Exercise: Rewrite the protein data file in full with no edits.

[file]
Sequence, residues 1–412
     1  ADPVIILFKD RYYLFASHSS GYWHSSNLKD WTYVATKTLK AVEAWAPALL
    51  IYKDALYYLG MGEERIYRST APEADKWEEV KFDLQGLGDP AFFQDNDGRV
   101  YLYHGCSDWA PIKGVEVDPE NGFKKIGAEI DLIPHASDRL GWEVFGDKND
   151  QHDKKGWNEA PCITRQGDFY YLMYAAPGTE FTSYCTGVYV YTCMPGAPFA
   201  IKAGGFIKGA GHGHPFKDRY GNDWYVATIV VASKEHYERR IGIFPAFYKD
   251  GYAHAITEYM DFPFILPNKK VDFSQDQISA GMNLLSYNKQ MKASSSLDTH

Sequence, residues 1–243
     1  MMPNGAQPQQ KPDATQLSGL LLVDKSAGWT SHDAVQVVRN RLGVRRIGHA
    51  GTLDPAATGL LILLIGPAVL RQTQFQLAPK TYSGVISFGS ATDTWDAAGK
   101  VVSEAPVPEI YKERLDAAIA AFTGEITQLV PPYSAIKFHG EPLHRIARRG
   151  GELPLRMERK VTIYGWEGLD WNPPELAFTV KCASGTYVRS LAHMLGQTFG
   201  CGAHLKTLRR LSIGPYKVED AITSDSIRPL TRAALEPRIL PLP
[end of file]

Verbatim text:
Sequence, residues 1–412
     1  ADPVIILFKD RYYLFASHSS GYWHSSNLKD WTYVATKTLK AVEAWAPALL
    51  IYKDALYYLG MGEERIYRST APEADKWEEV KFDLQGLGDP AFFQDNDGRV
   101  YLYHGCSDWA PIKGVEVDPE NGFKKIGAEI DLIPHASDRL GWEVFGDKND
   151  QHDKKGWNEA PCITRQGDFY YLMYAAPGTE FTSYCTGVYV YTCMPGAPFA
   201  IKAGGFIKGA GHGHPFKDRY GNDWYVATIV VASKEHYERR IGIFPAFYKD
   251  GYAHAITEYM DFPFILPNKK VDFSQDQISA GMNLLSYNKQ MKASSSLDTH

Sequence, residues 1–243
     1  MMPNGAQPQQ KPDATQLSGL LLVDKSAGWT SHDAVQVVRN RLGVRRIGHA
    51  GTLDPAATGL LILLIGPAVL RQTQFQLAPK TYSGVISFGS ATDTWDAAGK
   101  VVSEAPVPEI YKERLDAAIA AFTGEITQLV PPYSAIKFHG EPLHRIARRG
   151  GELPLRMERK VTIYGWEGLD WNPPELAFTV KCASGTYVRS LAHMLGQTFG
   201  CGAHLKTLRR LSIGPYKVED AITSDSIRPL TRAALEPRIL PLP